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Sticking to a Long-Term Plan The Folly of a Short-Term Focus

February 12th, 2013

by John Buckingham

of AFAM

It was an up and down week, though it managed to end in the black for just about all of the major market averages, save for the Dow Jones Industrial Average. Of course, the big headline on CNBC.com after Friday’s close was, “Dow Logs First Weekly Loss in 2013.” That’s fine by us, as we were happy with the 0.5% or so gains posted for the week across our four newsletter portfolios!

It is always interesting to see how the gyrations of the markets are perceived by the major media outlets. To be sure, someone has to try to make sense of it all, but I’m always amazed at the apparent certainty in the rationale expressed in these summaries. For evidence of what I speak, take a look at what The New York Times had to say each day this week. After the Dow tumbled 130 points on Monday, the Times said, “Stocks fell on Monday as renewed worries about the euro zone crisis caused the market to pull back from recent gains.” A senior Wall Street trader proclaimed, “The market is extended and due for a pullback. I think people are looking for an excuse to make sales.”

Guess things weren’t so extended after all, as the Dow bounced back by 99 points on Tuesday. The Times stated, “The stock market bounced back on Tuesday from the previous day’s sell-off as strong earnings reports continued to power gains and concerns about Europe’s debt crisis eased.” A chief economist said that strength was related more to the Federal Reserve’s commitment to keep money cheap than to companies’ performance. If earnings are beating estimates, he said, it’s largely because expectations were so low. And a chief investment officer offered this profound commentary, “After strong gains for stocks this year, investors are wondering whether they should sell now, or wait and see if the rally still has legs. The market is extremely skittish right now, that’s why we’re seeing such big moves.”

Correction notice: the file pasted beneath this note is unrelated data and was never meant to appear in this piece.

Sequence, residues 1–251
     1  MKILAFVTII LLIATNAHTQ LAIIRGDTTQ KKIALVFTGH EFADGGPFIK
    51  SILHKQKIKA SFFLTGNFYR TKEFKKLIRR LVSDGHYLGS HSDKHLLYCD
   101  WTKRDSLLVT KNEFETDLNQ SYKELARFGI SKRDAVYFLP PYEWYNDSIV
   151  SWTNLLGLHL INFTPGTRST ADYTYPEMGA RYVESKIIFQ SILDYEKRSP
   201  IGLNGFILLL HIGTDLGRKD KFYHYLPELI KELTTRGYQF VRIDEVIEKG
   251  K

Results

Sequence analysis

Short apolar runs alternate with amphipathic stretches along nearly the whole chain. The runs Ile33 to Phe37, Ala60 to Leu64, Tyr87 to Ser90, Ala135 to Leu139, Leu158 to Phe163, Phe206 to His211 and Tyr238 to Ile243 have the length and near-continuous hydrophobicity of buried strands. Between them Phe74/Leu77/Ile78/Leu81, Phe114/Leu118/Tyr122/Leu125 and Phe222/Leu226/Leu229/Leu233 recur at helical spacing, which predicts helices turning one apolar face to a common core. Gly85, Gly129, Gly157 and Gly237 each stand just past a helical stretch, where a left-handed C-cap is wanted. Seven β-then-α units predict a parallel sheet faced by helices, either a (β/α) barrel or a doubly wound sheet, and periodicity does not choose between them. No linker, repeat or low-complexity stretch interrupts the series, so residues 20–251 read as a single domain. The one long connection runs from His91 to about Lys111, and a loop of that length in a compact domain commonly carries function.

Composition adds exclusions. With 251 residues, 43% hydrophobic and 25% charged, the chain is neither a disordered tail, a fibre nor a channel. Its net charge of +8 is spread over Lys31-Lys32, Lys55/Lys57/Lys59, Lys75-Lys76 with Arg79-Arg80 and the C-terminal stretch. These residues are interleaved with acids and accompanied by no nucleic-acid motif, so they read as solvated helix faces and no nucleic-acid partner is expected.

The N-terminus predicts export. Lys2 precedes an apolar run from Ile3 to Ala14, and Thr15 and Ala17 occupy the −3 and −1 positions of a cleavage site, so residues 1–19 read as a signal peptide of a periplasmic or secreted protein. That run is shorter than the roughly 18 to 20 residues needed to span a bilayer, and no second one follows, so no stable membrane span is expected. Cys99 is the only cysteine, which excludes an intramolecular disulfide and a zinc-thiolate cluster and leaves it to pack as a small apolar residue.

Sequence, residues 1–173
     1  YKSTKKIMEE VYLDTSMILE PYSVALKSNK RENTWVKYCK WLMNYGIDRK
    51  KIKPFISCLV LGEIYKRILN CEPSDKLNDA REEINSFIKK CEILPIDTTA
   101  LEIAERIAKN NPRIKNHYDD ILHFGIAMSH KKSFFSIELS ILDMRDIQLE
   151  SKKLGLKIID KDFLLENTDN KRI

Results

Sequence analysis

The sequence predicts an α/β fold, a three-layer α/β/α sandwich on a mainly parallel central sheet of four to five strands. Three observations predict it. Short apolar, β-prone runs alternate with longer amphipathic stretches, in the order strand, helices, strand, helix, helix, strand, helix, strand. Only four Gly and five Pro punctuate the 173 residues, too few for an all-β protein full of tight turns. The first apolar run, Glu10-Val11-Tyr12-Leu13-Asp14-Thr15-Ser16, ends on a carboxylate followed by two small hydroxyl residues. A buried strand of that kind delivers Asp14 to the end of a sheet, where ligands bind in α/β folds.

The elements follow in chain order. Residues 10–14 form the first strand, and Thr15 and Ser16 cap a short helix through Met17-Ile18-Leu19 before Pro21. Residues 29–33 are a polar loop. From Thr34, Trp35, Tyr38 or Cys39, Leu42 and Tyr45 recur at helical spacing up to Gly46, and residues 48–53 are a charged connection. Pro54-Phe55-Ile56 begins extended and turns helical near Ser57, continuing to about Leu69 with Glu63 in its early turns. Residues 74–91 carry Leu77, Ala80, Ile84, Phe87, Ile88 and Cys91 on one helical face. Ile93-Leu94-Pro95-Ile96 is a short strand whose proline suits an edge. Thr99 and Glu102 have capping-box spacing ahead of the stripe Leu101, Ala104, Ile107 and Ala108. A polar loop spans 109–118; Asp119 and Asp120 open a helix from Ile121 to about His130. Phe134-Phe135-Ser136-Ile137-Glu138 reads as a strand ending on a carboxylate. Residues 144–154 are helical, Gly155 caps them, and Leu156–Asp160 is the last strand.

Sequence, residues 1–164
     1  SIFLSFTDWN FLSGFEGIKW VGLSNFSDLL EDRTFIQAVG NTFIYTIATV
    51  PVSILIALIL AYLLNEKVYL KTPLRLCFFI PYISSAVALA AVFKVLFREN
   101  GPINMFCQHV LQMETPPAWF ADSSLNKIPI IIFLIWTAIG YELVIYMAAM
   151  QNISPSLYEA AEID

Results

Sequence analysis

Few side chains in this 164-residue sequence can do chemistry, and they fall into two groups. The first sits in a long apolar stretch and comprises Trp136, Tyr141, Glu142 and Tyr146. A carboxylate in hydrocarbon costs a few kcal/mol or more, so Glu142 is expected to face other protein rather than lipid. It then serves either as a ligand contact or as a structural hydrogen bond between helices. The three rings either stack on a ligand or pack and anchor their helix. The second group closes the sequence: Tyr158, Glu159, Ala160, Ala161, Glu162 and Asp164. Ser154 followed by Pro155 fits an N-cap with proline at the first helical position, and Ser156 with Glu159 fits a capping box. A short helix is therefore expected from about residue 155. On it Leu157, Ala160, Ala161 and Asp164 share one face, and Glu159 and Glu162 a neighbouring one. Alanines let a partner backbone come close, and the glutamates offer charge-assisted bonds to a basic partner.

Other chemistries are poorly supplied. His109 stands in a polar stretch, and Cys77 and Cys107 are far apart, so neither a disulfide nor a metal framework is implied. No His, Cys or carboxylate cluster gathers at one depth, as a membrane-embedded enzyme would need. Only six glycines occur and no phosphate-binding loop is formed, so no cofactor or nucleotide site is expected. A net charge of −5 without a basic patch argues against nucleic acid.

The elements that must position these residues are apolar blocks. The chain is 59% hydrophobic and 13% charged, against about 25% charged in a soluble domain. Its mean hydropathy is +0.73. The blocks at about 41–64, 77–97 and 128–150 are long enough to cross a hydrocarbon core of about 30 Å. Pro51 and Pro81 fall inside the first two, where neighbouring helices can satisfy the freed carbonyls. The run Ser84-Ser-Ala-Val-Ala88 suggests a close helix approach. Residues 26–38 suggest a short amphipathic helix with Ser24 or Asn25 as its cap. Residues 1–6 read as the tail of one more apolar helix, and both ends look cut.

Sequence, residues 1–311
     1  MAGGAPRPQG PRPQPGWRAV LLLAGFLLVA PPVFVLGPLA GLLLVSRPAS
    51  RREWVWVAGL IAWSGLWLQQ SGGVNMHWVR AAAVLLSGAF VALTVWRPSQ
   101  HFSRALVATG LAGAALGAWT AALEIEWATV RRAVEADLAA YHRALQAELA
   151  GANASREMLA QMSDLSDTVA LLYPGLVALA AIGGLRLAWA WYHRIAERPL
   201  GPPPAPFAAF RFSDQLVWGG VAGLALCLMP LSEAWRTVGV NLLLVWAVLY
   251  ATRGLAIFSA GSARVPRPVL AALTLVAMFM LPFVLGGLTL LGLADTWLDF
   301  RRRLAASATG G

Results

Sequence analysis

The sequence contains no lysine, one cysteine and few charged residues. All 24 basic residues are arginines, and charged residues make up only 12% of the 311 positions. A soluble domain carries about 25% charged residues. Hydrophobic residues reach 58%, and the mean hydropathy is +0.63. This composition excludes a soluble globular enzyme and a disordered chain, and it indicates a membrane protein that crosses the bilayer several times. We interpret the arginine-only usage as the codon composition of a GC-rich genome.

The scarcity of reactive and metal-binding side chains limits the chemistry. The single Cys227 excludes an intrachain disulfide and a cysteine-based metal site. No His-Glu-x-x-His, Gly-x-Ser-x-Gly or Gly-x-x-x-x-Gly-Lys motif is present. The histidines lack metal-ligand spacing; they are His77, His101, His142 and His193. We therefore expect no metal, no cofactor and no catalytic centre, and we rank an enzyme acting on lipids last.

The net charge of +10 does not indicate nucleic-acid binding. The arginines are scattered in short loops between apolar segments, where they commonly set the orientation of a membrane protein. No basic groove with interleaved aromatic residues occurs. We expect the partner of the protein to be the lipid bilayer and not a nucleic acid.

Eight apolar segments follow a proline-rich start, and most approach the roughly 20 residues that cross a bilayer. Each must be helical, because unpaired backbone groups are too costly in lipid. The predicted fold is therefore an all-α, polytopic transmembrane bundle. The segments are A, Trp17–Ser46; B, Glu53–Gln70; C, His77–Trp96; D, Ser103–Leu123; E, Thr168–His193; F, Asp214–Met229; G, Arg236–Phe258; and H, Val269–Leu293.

Ah, that skittishness must have been a mirage as there was no big move on Wednesday when the Dow rose a measly 7 points and the Times concluded, “Stocks are consolidating their gains after surging since the start of the year.” An investment director at a large bank concluded, “There’s no question that we need to take a pause and let reality catch up.” The pause actually took place the next day when the Dow dropped by 0.3%, the Times stating, “Stocks dropped on Thursday after retailers posted mixed monthly sales and the euro fell against the dollar.” Of course, as one market watcher was quoted, “[Jobless] Claims didn’t look too exciting. They are pretty much in line. The bigger surprise was the jump in unit labor costs that was pretty substantial. Over all, the market took the whole thing in stride.”

The week concluded with a modest 49 point advance in the Dow, with the Times trumpeting, “The Standard & Poor’s 500-stock index edged up to a five-year high on Friday, extending a rally that started in January.” The ‘experts’ cited in the accompanying story seemed to be mixed in their views. A chief market strategist said, “Everybody seems to be saying this market needs to correct. Nobody wants to be in it, but nobody wants to be out of it.” But a chief global strategist proclaimed, “I’m very encouraged by the fact that, finally, for the first time in many years, individual investors seem to be participating in this.”